In the midst of the worst US economic crisis since the Great Depression, the trailer for Adventureland strikes exactly the wrong note. Directed by Superbad's Greg Mottola, and set in 1987, the teen comedy tells the story of a young college graduate who, unable to find suitable employment, takes a job at Adventureland, an amusement park. The film's tagline, "The Worst Job Ever--The Best Time of His Life," seems anachronistic at a moment in US history when real unemployment is well over 10% and when people are lining up by the hundreds and thousands for jobs just like the one that is disparaged in the film. When you can't find a job, it's hard to be amused at a film that makes fun of "the worst job ever."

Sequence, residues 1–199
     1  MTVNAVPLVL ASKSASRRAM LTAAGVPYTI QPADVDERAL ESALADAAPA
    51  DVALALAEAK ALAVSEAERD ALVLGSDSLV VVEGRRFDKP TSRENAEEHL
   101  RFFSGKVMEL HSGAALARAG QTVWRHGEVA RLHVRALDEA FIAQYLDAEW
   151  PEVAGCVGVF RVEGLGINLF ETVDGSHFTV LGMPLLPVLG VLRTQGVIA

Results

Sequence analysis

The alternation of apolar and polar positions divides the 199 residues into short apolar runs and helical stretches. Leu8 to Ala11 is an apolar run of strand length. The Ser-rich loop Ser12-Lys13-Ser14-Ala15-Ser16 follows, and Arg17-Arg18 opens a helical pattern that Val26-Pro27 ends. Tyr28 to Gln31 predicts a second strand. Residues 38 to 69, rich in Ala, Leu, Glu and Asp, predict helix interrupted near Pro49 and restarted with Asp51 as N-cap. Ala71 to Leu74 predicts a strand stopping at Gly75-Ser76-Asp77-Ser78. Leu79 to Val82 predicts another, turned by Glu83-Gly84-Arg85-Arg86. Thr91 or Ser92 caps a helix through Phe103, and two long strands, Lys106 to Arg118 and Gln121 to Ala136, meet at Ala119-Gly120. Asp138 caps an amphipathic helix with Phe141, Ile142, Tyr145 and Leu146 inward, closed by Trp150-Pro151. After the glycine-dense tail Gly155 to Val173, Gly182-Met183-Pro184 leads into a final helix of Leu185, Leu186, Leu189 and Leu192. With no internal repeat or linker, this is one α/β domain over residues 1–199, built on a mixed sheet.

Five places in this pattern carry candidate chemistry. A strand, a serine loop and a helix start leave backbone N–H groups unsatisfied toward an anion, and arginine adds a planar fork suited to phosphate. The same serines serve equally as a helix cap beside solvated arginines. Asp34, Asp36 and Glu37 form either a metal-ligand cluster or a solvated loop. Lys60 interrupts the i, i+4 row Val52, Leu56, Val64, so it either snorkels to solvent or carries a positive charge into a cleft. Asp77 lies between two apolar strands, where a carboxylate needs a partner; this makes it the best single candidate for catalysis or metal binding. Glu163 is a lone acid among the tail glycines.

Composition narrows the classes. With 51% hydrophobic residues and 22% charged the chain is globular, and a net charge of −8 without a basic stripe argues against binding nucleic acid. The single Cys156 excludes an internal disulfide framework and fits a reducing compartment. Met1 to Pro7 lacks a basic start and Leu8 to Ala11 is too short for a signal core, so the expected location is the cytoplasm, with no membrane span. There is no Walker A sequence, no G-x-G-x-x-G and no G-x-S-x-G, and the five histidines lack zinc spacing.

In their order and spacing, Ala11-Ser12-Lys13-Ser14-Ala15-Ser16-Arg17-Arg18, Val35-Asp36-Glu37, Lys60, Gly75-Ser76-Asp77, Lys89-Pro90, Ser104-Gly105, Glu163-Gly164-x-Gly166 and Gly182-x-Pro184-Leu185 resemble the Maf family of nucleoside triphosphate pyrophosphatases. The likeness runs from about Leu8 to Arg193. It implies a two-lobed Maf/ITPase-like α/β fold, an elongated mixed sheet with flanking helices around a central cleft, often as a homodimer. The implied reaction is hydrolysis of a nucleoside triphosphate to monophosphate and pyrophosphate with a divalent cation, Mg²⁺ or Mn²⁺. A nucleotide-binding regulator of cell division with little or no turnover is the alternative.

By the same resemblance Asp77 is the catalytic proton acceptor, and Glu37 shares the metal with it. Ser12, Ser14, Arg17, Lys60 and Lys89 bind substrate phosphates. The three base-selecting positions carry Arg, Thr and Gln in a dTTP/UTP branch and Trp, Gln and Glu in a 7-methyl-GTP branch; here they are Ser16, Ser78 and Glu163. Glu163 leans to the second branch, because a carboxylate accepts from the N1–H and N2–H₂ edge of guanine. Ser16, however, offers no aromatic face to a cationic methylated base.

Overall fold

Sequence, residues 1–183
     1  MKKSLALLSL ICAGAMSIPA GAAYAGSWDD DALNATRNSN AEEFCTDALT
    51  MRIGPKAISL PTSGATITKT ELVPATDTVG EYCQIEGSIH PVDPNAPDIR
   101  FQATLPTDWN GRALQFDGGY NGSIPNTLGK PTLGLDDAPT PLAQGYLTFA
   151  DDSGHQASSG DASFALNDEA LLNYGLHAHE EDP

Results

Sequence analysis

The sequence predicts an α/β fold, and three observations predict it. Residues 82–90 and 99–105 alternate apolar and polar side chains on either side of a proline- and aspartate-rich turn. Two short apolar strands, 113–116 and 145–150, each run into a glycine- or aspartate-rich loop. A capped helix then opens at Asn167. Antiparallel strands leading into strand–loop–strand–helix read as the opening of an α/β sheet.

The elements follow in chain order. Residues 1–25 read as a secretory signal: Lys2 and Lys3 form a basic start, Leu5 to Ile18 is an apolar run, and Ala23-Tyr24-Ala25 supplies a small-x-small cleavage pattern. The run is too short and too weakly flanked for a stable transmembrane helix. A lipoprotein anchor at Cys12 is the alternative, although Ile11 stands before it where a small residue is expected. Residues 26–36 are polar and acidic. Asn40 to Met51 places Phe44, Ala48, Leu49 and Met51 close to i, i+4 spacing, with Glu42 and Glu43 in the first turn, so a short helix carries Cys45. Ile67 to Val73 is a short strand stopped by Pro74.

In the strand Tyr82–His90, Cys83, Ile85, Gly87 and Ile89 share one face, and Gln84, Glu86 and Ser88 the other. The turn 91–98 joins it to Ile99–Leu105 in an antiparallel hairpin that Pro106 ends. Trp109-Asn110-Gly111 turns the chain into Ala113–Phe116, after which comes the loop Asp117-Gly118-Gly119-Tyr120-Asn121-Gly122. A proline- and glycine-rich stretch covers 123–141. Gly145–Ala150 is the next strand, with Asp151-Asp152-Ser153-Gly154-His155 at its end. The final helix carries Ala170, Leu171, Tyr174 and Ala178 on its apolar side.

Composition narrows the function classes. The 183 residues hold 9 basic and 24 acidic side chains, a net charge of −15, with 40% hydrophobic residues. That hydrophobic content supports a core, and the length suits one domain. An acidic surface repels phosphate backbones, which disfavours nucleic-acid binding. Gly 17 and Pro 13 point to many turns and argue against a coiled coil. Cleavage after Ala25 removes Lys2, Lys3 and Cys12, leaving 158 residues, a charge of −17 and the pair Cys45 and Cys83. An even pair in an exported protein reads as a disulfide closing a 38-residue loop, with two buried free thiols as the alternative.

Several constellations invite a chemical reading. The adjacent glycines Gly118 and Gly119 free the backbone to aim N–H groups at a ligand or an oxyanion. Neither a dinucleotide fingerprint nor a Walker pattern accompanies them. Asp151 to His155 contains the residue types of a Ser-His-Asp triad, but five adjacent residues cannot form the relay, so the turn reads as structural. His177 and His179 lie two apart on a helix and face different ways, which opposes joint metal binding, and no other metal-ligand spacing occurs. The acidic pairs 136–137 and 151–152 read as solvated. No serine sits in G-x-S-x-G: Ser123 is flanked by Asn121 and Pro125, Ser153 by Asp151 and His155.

My point here is not to criticize the Superbad gang for their social insensitivity. Rather it's to notice the multiple temporalities of our media everyday, the varying speeds at which different media are able to respond to major social, political, and affective changes like those that accompany our current economic crisis. Where print, televisual, and networked news are able to adjust to such changes quickly and comprehensively, the much longer production timetables of entertainment media like television series, films, or music videos make rapid response more difficult.
We find ourselves, then, at a particularly interesting moment in terms of media temporality, when previews and coming attractions attempt to create anticipation for forthcoming films and television shows that belong to a moment that is already past. Or, perhaps it is more accurate to say that what we are witnessing today is the persistence of older affective media formations into the individual and collective affect of the present. The conflation of media times is in many ways always the case. But it is made dramatically evident in times of rapid and significant changes like the ones we find ourselves in today.